This classic of Japanese studies presents extensive information about the history, culture and practice of Noh drama—one of Japan's most treasured dramatic art forms.
Noh as an independent and original art form—ultimately destined to supersede the earlier Dengaku, Sarugaku and other song dances—incorporates the most significant elements of the former and especially of the Kusemai (tune dance).With it a new literary form may be said to have been created.
The invention of Noh is attributed to Kwannami Kiyotsugu (1333-1384), a distinguished actor and writer of Sarugaku and to his son Zeami Motokiyo (1363-1443), who developed and refined the art under the patronage of Yoshimitsu, the third Ashikaga shogun. In addition to his dramatic activities, Zeami composed a number of works, the most important of which is called the Kwadensho (the Book of the Flower), or more properly, Fushi-kwadensho which he explained the nature and aesthetic principles governing Noh plays, and gave detailed instructions concerning the manner of composition, acting, direction, and production of these dramas.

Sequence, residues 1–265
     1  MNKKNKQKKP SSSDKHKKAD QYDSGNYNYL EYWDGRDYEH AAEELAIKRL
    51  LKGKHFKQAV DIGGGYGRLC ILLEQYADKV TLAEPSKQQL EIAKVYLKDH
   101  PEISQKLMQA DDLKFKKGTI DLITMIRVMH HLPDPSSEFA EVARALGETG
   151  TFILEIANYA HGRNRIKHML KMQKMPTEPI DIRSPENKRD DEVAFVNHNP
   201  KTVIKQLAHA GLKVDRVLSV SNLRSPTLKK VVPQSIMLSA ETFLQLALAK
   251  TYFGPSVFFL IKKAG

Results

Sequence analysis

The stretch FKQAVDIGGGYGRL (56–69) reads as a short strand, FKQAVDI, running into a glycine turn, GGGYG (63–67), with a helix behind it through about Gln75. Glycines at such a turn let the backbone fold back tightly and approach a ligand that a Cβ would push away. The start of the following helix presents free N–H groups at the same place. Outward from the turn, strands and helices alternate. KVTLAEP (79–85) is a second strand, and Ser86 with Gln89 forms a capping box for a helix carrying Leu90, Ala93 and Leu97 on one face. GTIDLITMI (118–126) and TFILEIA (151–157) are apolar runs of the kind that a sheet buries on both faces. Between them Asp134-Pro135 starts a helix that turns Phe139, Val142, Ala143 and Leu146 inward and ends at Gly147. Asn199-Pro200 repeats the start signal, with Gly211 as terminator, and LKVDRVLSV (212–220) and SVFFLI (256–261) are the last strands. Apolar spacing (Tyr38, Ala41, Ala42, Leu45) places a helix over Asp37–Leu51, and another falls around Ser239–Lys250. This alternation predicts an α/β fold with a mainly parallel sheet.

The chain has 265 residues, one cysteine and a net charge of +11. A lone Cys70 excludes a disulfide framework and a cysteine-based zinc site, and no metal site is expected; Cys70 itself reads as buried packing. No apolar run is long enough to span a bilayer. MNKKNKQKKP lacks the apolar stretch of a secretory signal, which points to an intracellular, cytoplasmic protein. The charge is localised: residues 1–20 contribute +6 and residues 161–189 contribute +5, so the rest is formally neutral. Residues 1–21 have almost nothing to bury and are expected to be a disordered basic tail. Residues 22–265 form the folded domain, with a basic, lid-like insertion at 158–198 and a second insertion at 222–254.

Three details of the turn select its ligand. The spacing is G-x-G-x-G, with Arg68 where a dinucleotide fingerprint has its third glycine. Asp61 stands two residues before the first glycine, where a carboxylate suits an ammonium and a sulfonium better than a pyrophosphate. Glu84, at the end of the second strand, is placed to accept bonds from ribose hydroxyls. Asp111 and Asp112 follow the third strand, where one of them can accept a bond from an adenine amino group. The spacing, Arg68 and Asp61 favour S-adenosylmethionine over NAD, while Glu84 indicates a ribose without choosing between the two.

Combining the elements of dance, miming, music, and chants, Noh plays may be described as lyrico-dramatic tone-poems, in which the text has a function somewhat similar to that of the libretto in a Wagner or Debussy opera.